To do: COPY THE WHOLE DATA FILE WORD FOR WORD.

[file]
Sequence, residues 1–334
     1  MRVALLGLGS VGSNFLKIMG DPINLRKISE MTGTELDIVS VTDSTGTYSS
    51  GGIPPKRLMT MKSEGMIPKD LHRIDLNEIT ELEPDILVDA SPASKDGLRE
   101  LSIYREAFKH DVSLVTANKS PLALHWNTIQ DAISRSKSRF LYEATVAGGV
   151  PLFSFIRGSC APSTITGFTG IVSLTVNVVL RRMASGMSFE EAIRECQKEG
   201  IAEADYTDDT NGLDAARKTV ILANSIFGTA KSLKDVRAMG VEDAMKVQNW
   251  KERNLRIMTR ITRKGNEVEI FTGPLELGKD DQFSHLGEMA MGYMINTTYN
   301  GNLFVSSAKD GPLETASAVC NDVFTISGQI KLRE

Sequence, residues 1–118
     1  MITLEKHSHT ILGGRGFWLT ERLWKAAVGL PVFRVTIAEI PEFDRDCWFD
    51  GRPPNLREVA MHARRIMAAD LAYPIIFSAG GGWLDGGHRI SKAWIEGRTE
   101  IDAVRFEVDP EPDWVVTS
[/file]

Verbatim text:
Sequence, residues 1–334
     1  MRVALLGLGS VGSNFLKIMG DPINLRKISE MTGTELDIVS VTDSTGTYSS
    51  GGIPPKRLMT MKSEGMIPKD LHRIDLNEIT ELEPDILVDA SPASKDGLRE
   101  LSIYREAFKH DVSLVTANKS PLALHWNTIQ DAISRSKSRF LYEATVAGGV
   151  PLFSFIRGSC APSTITGFTG IVSLTVNVVL RRMASGMSFE EAIRECQKEG
   201  IAEADYTDDT NGLDAARKTV ILANSIFGTA KSLKDVRAMG VEDAMKVQNW
   251  KERNLRIMTR ITRKGNEVEI FTGPLELGKD DQFSHLGEMA MGYMINTTYN
   301  GNLFVSSAKD GPLETASAVC NDVFTISGQI KLRE

Sequence, residues 1–118
     1  MITLEKHSHT ILGGRGFWLT ERLWKAAVGL PVFRVTIAEI PEFDRDCWFD
    51  GRPPNLREVA MHARRIMAAD LAYPIIFSAG GGWLDGGHRI SKAWIEGRTE
   101  IDAVRFEVDP EPDWVVTS